90 Years Ago: The Beginning of Hybrid Maize
James F. Crow

IN early 1908, George Harrison Shull, then at the Cold Spring Harbor Laboratory, published a paper with the unimposing title, “The composition of a field of maize.” This marked the beginning of the exploitation of heterosis in plant breeding, surely one of genetics' greatest triumphs. It is appropriate, on this 90th anniversary, to look once again at Shull's great contribution and its sequelae.

The increased size and vigor of hybrids between plant varieties and species had been known for centuries. A well-known example of hybrid luxuriance was found in crosses between two species of Jimson weed, Datura stramonium and D. tatula, in which the hybrids were twice as tall as either parent. The most spectacular example that I know of is the radish-cabbage hybrid; a single plant filled a greenhouse and grew out the roof (East and Jones 1919, p. 192). It was sterile, however, and only in this century were fertile derivatives obtained by polyploidization. A time-honored showpiece of hybrid vigor is the mule, also sterile, but known for 4000 years for its hardiness and longevity. Even in ancient times it was widely known that inbreeding leads to weakness and small size. The avoidance of incest was practiced by many human societies, and there was speculation about such behavior in animals. Zirkle (Gowen 1952, p. 5) quotes a fanciful mixture of science and myth from none other than Aristotle.

A story goes that the king of Scythia had a highly-bred mare, and that all her foals were splendid; that wishing to mate the best of the young males with the mother, he had him brought to the stall for the purpose; that the young horse declined; that, after the mother's head had been concealed in a wrapper he, in ignorance, had intercourse; and that, when immediately afterwards the wrapper was removed and the head of the mare was rendered visible, the young horse ran away and hurled himself down a precipice.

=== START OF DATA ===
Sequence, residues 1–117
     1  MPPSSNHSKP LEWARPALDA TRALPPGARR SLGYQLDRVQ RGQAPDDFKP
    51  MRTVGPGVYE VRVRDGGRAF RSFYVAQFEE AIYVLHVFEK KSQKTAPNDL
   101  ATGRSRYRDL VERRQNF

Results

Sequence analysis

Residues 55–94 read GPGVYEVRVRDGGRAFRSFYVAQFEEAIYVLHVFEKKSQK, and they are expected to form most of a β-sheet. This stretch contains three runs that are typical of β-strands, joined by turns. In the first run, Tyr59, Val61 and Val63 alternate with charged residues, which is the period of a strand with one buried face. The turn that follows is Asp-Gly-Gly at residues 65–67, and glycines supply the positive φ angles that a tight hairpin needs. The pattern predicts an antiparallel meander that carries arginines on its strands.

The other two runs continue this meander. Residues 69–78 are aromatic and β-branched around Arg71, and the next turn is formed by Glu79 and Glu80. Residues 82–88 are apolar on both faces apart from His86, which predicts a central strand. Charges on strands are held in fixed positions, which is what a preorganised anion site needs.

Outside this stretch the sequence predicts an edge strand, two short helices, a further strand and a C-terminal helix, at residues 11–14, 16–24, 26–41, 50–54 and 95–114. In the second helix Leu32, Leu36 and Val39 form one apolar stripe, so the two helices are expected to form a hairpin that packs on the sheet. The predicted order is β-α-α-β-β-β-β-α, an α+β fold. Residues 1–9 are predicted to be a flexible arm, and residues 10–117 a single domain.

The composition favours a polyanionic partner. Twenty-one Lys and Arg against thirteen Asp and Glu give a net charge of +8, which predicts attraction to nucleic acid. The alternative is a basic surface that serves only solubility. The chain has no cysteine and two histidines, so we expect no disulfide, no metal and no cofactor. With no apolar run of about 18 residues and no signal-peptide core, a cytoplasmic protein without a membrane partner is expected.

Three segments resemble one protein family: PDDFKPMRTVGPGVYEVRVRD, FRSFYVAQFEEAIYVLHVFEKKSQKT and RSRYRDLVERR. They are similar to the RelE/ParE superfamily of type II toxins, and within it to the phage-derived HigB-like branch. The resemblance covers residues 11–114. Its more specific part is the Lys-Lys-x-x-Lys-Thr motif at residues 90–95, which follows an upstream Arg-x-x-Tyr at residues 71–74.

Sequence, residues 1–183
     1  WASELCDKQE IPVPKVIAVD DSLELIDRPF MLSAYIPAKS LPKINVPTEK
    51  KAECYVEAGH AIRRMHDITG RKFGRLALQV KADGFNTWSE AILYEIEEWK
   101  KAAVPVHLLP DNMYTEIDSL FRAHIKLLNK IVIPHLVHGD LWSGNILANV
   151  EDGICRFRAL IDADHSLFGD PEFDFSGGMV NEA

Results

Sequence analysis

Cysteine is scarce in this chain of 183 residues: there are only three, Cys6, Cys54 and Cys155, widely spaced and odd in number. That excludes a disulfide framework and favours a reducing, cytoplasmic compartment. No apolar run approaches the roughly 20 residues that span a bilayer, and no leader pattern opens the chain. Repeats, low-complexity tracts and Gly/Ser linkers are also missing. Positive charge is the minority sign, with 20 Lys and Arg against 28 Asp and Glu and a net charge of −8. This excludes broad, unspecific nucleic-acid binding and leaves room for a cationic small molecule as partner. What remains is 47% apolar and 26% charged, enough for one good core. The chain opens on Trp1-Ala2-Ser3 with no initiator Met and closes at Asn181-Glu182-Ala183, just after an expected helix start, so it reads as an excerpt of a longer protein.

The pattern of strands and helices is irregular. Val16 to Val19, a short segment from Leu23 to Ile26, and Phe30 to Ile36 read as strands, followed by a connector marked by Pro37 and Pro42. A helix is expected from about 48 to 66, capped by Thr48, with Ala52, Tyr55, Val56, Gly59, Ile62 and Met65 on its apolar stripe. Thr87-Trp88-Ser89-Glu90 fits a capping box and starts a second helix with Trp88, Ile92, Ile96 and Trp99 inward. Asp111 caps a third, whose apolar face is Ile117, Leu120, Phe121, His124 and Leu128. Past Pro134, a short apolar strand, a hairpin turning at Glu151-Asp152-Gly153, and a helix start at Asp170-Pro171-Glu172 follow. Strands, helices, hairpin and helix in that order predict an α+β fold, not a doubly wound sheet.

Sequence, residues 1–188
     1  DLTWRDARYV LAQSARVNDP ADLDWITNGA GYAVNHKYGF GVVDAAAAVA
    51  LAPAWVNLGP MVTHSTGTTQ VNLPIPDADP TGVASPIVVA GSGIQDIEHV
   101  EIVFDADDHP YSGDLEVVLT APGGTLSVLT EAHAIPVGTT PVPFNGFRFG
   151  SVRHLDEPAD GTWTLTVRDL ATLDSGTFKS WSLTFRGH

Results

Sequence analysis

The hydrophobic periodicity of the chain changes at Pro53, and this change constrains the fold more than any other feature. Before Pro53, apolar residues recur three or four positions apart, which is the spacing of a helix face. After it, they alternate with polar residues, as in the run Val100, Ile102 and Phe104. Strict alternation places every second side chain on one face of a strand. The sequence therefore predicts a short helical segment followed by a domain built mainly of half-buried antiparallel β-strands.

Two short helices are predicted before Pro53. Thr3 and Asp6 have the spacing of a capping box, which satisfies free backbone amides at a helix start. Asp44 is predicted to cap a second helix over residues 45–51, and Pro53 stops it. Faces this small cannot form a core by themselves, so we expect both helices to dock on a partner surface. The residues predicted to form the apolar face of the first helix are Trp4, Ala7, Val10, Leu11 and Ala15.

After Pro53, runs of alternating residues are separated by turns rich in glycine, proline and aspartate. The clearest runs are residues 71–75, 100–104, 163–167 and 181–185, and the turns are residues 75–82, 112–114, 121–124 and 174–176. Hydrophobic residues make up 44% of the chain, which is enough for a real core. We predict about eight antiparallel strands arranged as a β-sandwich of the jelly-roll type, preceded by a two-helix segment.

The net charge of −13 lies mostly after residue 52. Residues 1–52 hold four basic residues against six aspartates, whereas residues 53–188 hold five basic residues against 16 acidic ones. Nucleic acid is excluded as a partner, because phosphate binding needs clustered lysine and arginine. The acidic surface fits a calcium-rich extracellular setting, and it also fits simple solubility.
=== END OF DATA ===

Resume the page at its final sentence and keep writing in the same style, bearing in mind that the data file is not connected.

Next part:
The literature of the nineteenth century is full of examples, mostly from plants. As usual, Charles Darwin got in the act. In his words, “Nature thus tells us, in the most emphatic manner, that she abhors perpetual self-fertilization.” And, as we have come to expect, his treatment was thorough, careful, and thoughtful. His book, The Effects of Cross and Self Fertilization in the Vegetable Kingdom, was published in 1876. Its 490 pages include myriad examples, with the overall conclusion that in-breeding is generally deleterious and cross-fertilization generally beneficial (Darwin 1876). As pure description, his writings could hardly be improved upon, but an interpretation had to await the rediscovery of Mendel's laws in 1900.

The development of hybrid maize: In his 1908 paper, Shull reported that inbred lines of maize showed general deterioration in yield and vigor, but that hybrids between two inbreds immediately and completely recovered (Shull 1908); in many cases their yield exceeded that of the varieties from which the inbreds were derived. Furthermore, they had a highly desirable uniformity. In a subsequent paper in 1909, he outlined the procedures that later became standard in corn-breeding programs (Shull 1909).

At the same time, E. M. East did similar experiments at Connecticut State College. He also recognized the deleterious effects of inbreeding, but didn't realize the value of crossing inbred lines. Breeding weak parents held no appeal for him until he heard Shull's report in January 1908. In February, he wrote a letter to Shull, saying: “Since studying your paper, I agree entirely with your conclusion, and wonder why I have been so stupid as not to see the fact myself.” His report (East 1908) was characteristically generous to Shull, and he added considerable corroborating evidence (Gowen 1952, p. 17).

Nevertheless, East was not convinced of the usefulness of the idea, because the puny inbred lines produced such small quantities of seed. The great cost of seed, he thought, negated any increased yield of the hybrids. This led to a strong disagreement with Shull, but in 1910 they agreed not to let this become an open debate nor to let personalities intrude. They remained true to their word.

The limitation of poor seed production from inbred lines was overcome by an idea from D. F. Jones (1918, 1922), who, while still a graduate student, advocated using four-way, or double-cross hybrids. This involved crossing two inbred lines and crossing that hybrid with the hybrid of two other inbred lines. The seed-producing strain was thus a heterozygous single-cross, and four-way hybrids yielded about as much as two-way. The abundant seed immediately made the program practical. The four-way crosses were slightly more variable than two-way hybrids, but much less so than randomly mated (“open-pollinated”) varieties. East and Jones and their role in the history of genetics has been the subject of an earlier Perspectives article (Nelson 1993).